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Re: [libvirt] [PATCH v5 3/3] libvirtd: fix crash on termination



On Fri, Nov 03, 2017 at 11:07:36AM +0300, Nikolay Shirokovskiy wrote:
On 02.11.2017 19:32, Martin Kletzander wrote:
This just makes the window of opportunity (between daemonServerClose()
and the actual removal of the virNetServerPtr from the hash) smaller.
That's why I don't see it as a fix, rather as a workaround.

What I think should be done is the order of what's done with services,
servers, drivers, daemon, workers, etc.

I read the other threds and I think we're on the same note here, it's
just that there is lot of confusion and we're all approaching it
differently.

So first let's agree on what should be done when virNetDaemonClose() is
called and the loop in virNetDaemonRun() exits.  My opinion it is:

1) Stop accepting new calls and services:
   virNetServerServiceToggle(false);

This not really necessary as this has effect only if loop is running.


Sure, good point.


2) Wait for all the workers to finish:
   First part of virThreadPoolFree()

I was thinking of splitting this function to finish/free too.
After finish it is not really usable because there are no
more threads in pool anymore so we have to introduce state
finished and check it in every thread pool api function to
be safe. So this will introduce a bit of complexity only
for the sake of some scheme IMO.


Yeah, it's similar to the daemon when you are between close and dispose, but for
the daemon we need it.

What function do you think we would need to check this for?  The finish would
end all the threads and since the event loop is not running no new jobs could be
posted.


3) Kill off clients:
   virNetServerClientClose()

4) Clean up drivers:
   virStateCleanup()

I think it is better for net daemon/servers not to know about
hypervisor drivers directly.


Sure, I was only talking about the libvirtd for the sake of simplicity.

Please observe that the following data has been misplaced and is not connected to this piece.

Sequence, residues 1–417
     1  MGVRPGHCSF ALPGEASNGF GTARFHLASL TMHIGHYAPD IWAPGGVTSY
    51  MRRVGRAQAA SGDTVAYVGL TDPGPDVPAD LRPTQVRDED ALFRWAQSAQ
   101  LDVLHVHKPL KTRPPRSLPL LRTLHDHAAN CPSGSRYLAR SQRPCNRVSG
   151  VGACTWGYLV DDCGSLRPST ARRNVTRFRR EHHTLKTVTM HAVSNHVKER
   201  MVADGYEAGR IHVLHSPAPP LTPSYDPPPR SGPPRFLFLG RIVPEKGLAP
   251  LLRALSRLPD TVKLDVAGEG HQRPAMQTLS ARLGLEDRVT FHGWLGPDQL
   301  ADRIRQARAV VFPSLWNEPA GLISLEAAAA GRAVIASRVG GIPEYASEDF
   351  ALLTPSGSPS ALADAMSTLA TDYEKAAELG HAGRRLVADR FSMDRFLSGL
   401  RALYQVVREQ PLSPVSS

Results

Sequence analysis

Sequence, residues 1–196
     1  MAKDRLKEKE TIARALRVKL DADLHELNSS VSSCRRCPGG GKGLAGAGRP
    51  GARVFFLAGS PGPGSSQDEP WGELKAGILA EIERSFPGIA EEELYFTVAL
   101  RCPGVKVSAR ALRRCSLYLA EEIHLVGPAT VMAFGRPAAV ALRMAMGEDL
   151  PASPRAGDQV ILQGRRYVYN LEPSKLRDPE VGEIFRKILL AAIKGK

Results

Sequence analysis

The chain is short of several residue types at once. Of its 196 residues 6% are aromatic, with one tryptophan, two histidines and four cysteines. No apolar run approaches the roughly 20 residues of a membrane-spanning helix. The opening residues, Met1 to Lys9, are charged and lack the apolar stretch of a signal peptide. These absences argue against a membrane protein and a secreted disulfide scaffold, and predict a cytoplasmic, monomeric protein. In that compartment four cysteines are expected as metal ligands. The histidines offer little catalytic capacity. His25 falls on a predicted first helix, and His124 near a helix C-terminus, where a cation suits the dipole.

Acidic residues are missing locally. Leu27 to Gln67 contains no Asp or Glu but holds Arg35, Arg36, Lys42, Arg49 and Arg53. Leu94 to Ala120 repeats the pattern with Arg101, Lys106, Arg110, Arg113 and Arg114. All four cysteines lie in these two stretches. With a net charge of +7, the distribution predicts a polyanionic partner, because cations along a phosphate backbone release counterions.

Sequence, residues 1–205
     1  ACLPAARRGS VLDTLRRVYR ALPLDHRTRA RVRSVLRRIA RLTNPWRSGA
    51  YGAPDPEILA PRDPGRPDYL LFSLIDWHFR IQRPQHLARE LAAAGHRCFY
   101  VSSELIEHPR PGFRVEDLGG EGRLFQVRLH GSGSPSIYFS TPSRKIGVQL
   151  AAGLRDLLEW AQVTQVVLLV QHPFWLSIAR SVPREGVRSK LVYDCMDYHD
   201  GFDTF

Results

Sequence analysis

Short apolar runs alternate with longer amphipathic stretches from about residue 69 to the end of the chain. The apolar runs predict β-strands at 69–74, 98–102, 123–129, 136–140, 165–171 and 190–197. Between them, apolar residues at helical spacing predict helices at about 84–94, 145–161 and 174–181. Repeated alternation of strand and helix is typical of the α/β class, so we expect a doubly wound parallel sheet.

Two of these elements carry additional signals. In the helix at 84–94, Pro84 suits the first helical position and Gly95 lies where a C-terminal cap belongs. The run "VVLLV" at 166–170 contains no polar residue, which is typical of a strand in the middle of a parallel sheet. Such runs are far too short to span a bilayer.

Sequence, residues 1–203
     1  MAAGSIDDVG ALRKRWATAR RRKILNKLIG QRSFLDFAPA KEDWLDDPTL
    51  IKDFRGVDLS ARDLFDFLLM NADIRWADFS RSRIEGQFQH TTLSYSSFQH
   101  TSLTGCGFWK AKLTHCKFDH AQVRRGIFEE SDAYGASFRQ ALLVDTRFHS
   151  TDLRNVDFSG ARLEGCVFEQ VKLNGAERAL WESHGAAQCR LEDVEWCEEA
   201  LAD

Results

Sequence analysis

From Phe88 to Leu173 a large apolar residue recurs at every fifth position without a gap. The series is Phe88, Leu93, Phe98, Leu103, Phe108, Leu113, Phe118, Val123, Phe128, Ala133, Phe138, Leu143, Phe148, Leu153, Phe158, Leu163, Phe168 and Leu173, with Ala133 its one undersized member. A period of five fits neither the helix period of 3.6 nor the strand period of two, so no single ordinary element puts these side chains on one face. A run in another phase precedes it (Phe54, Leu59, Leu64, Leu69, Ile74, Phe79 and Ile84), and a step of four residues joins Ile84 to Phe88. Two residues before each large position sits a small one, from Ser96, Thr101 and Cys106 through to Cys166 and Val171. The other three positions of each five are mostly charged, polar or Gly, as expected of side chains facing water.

5) Clean up services, servers, daemon, etc.
   including the second part of virThreadPoolFree()

The last thing is what should be done in virNetDaemonDispose(), but
unfortunately we (mis)use it for more than that.  Numbers 1-4 should be,
IMO in virNet{Daemon,Server}Close().

Would this solve your problem?  I mean I'm not against more reference
counting, it should be done properly, but I think the above would do the
trick and also make sense from the naming point of view.

Since both the daemon and server will probably not ever be consistent
after calling the Close function, it might make sense to just include
virNetDaemonClose() into virNetDaemonDispose() and I'm not against that.
But the order of the steps should still be as described above IMO.

This won't work IMO. If we are already in virNetDaemonDispose then
@dmn object is invalid but we don't yet call virStateCleanup yet
(if it is moved to virNetDaemonClose) and this is the problem 85c3a182 dealt with.


It would solve it if order above is followed.  Sure, virNetDaemon should not
know about any drivers, but we can simply register a cleanup callback for the
daemon which the Dispose function will call after the thread pools are cleaned
up (just thought of that now).


Let me know what you think.  And don't forget to have a nice day!

Martin

P.S.: The order of clean ups in libvirtd's main() is absolutely terrible and
     unreadable.  Also, even though I guess it goes without saying, if proper
     reference counting is in place, the order of virObjectUnref()s and
     VIR_FREE()s should not matter.  I think it chould be changed like this:

It makes sense that in cleanup section we can first make all cleanup and
then all dispose. It is only not clear to me can we call virStateCleanup
before virNetlinkShutdown. Also I would keep comment for @dmn unref
until proper refcount for @dmn is implemented.


I don't think virStateCleanup() and virNetlinkShutdown() are dependent.  The
comment can stay, I was just trying to show that it's also a mess.  What I would
like, actually, is to have the daemon running with all the references and
pointers (that the main() function doesn't need anymore) freed, but both this
and what I suggested below is unrelated to what we're trying to fix, I don't
know why I started talking about it.

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